Crappy Bags

A great episode of Office Hours, where Dan Pink catches up with Bob Sutton and Huggy Rao on their virtual book tour for Scaling Up Excellence.

Bob Sutton:

People who knew Steve Jobs the best said that ...he understood how little things now had a big effect later on...One of my students told me that [Steve Jobs] fired her friend from the very first Apple Store, because she bought really cheap bags. [Jobs] got so pissed off because [he pictured] people walking out with the expensive purchases they just made ...in a crappy bag. And if you go through Danny Kahneman's stuff, the way things end is a really important part of the experience. He saw the long-term costs of that, whereas most places ...just give you a crappy bag.

I believe Bob is referring to Kahneman's “peak–end rule”, where—rather than an average of the entire experience—people evaluate experiences by their memories of the most intense point and the end.

How many presentations, meetings, or even holidays do we end with "crappy bags"?

Even Trendy Tailors Don't Need Locks

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For Seth Godin--the polarizing marketing author bespectacled with orange frames--selective theft belongs in the repetoire of everyone in business. "Steal your business model," he writes. "We don't have a shortage of business models; it's ok if you pick one that's working for someone else." Seth's advice is solid. If generations of shipbuilders have perfected the design of steerable ships, why reinvent the wheelhouse?"

This idea isn't Seth's. He may have stolen it from Austin Kleon, self proclaimed tasteful kleptomaniac and author of Steal Like an Artist,  who may, in turn, have stolen the idea from David Bowie, who said "The only art I'll ever study is stuff that I can steal." So go ahead and steal what can legally be taken. Everyone else is.  

And if you have found something that works, don't be aftaid to share it. 

The trendiest tailors don't need locks. Even if your 'best practice' fits your competition's leadership style, strategy, context, and organizational soul, without alteration it will never fit all four dimensions simultaneously. Graveyards are full of organizations whose leaders were very unoriginal and very trendy.*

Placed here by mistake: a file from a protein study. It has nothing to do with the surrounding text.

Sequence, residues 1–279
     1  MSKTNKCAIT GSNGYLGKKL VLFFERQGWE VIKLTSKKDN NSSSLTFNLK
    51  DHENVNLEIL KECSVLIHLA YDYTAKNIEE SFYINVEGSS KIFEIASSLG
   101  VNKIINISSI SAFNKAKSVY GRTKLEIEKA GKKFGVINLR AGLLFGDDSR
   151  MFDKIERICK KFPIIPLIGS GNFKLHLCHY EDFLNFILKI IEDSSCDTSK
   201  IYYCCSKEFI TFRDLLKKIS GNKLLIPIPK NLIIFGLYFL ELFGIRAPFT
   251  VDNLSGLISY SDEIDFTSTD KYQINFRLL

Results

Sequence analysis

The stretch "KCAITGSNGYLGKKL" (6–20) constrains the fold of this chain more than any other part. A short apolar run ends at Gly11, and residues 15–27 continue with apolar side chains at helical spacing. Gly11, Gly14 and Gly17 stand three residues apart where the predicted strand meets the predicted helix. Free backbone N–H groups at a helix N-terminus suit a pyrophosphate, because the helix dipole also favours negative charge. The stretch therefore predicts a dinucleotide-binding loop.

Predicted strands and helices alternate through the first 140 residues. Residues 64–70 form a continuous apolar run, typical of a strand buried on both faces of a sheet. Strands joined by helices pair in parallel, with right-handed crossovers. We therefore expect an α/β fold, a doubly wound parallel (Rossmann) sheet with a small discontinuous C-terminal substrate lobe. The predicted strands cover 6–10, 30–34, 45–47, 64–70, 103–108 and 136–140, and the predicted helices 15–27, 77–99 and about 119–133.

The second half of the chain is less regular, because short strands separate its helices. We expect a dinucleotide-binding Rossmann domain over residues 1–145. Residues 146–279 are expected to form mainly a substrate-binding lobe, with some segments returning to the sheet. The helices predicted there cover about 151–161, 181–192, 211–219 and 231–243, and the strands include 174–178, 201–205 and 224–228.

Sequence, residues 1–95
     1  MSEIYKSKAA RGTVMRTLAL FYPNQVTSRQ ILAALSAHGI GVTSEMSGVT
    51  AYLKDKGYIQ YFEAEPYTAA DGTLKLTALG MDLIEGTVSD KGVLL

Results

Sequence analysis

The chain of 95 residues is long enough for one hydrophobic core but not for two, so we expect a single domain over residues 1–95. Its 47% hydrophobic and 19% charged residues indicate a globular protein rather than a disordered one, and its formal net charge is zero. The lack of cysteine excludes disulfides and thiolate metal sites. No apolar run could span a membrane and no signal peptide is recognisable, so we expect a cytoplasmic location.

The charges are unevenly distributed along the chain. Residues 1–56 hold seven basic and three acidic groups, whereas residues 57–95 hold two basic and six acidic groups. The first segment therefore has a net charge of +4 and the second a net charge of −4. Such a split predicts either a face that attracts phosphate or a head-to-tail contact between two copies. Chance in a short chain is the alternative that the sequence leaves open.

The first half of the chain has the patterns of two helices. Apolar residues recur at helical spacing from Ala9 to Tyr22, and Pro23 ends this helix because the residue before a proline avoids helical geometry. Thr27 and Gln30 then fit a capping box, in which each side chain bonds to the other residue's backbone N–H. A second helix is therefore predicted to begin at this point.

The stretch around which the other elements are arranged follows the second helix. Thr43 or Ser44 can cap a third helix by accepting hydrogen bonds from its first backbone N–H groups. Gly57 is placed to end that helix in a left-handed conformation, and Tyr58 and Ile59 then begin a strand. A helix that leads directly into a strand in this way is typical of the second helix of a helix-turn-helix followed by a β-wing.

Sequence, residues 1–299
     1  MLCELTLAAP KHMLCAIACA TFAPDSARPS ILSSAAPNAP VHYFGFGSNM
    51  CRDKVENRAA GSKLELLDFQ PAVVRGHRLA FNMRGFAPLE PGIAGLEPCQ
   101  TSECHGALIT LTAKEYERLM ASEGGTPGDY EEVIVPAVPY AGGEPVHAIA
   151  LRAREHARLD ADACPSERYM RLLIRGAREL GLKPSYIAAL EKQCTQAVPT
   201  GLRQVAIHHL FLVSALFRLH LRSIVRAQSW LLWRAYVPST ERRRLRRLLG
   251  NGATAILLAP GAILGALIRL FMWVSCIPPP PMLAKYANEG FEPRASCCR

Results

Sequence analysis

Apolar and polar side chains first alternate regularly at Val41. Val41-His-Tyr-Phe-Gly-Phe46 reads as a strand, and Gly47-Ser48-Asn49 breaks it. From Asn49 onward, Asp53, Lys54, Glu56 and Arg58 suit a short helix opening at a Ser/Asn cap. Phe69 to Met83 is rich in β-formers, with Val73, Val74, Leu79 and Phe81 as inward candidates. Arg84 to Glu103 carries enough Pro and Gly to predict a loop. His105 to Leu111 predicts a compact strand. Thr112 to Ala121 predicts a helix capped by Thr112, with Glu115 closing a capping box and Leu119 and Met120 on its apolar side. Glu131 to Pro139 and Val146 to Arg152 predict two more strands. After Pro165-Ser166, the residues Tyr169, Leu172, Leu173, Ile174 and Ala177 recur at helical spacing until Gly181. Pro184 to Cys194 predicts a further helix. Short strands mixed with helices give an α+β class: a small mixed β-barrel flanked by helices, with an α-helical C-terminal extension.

* I stole this sentence from The Magnificent Seven, starring Yule Brenner: "Graveryards are full of boys who were very young and very proud."

The Problem with the Blood Business

The Problem with the Blood Business

Have you ever wondered what happens to blood after you donate it? I never wondered either. Now that I know, however, it bothers me. 

Apparently, it's no secret. In 1990, long before I listened to the RadioLab podcast on blood, and before articles about blood bank activities appeared in such widely read publications as ForbesSlate, and the New York Times, The Philadelphia Inquirer won a Pulitzer Prize for Gilbert Gaul's five part investigative series on the blood business. Gaul's reporting shed light on blood bank activity in what turns out to be much more than a cottage industry, but a 45 billion dollar a year behemoth complete with brokers, arbiters, and incredible profits. 

The Community Blood Center in Appleton, Wisconsin, for example, sold "half its monthly blood supply--at a profit--to other blood banks around the country," wrote Gaul, and "contracted to sell 200 pints a month to a blood bank 528 miles away in Lexington, KY.  [The blood bank in] Lexington sold half the blood it bought from Appleton to yet a third blood bank near Fort Lauderdale, Fla. Which in turn sold thousands of pints it bought from Lexington and other blood banks to four hospitals in New York City."

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The Freedom to Become

The Freedom to Become

I really like the way Bob Sutton writes practical, evidence based management books . I don't know him personally, but we know many of the same people, and I enjoy reading his blog and his books when time permits.

In a recent post on The Writing Life he almost deviates for his usual management insights for a little navel-gazing.

According to Bob (and his colleague Steve Barley) "the behavior that people display – regardless of their intentions and the claims they make to others – are the best indicator of both their sense of self and of how others see them".

In other words, 'you are what you do'; a simple concept that also pertains to management

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Super Bowl Bettors and the Folly of the Crowd

Super Bowl Bettors and the Folly of the Crowd

Two days before Super Bowl XLVIII the Broncos are still the favorites to win, and despite oddsmakers spotting the Seahawks about 3 points, 90% of early bettors have put their money on the Broncos anyway.

So if crowds are wise, why bother to watch the game at all?1 If it weren’t for the commercials, the food, and the parties, why waste our time? A study by Joseph Simmons at Wharton demonstrates why the game this Sunday may not be a foregone conclusion.

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